Twitter relents, hands over tweets in Occupy Wall Street case
In the end, Twitter didn’t have much choice.
The company was ordered this week to hand over to prosecutors information it holds on Occupy Wall Street protestor Malcolm Harris after a legal battle spanning several months.
Friday was the deadline, and the company gave in to the court’s latest demand for the information to avoid fines and possible contempt charges. Twitter delivered around three months’ worth of data to a New York court. The information will remain sealed until an appeal by Harris is heard next week, reported Reuters.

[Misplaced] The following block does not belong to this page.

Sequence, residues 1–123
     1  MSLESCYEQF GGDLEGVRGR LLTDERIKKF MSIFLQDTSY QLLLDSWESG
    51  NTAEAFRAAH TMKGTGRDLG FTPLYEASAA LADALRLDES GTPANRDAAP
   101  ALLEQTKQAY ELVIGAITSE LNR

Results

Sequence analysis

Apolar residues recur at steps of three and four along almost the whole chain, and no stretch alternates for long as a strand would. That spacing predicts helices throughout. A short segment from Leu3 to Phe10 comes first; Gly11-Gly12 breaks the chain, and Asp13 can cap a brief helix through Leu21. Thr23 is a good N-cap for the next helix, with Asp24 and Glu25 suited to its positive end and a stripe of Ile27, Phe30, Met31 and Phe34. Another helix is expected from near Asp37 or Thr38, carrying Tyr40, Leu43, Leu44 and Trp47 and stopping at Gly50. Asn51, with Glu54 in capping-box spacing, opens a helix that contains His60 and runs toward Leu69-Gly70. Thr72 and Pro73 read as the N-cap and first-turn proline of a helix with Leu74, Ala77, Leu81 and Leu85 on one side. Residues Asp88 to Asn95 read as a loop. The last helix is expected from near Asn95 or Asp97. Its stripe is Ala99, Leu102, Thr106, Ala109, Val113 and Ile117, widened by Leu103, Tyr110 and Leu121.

“At Twitter, we are committed to fighting for our users,” the company said in its appeal. "Accordingly, we are appealing this decision which, in our view, doesn’t strike the right balance between the rights of our users and the interests of law enforcement.”
Twitter also said the case could force it into other legal battles that users could tackle themselves, according to the Associated Press.
Harris is accused of disorderly conduct and wilfully ignoring police orders by marching up the Brooklyn Bridge roadway during a protest last October.
Prosecutors believe the tweets dispel the assertion that police either led or escorted Harris onto the bridge. His case is scheduled for a December trial.
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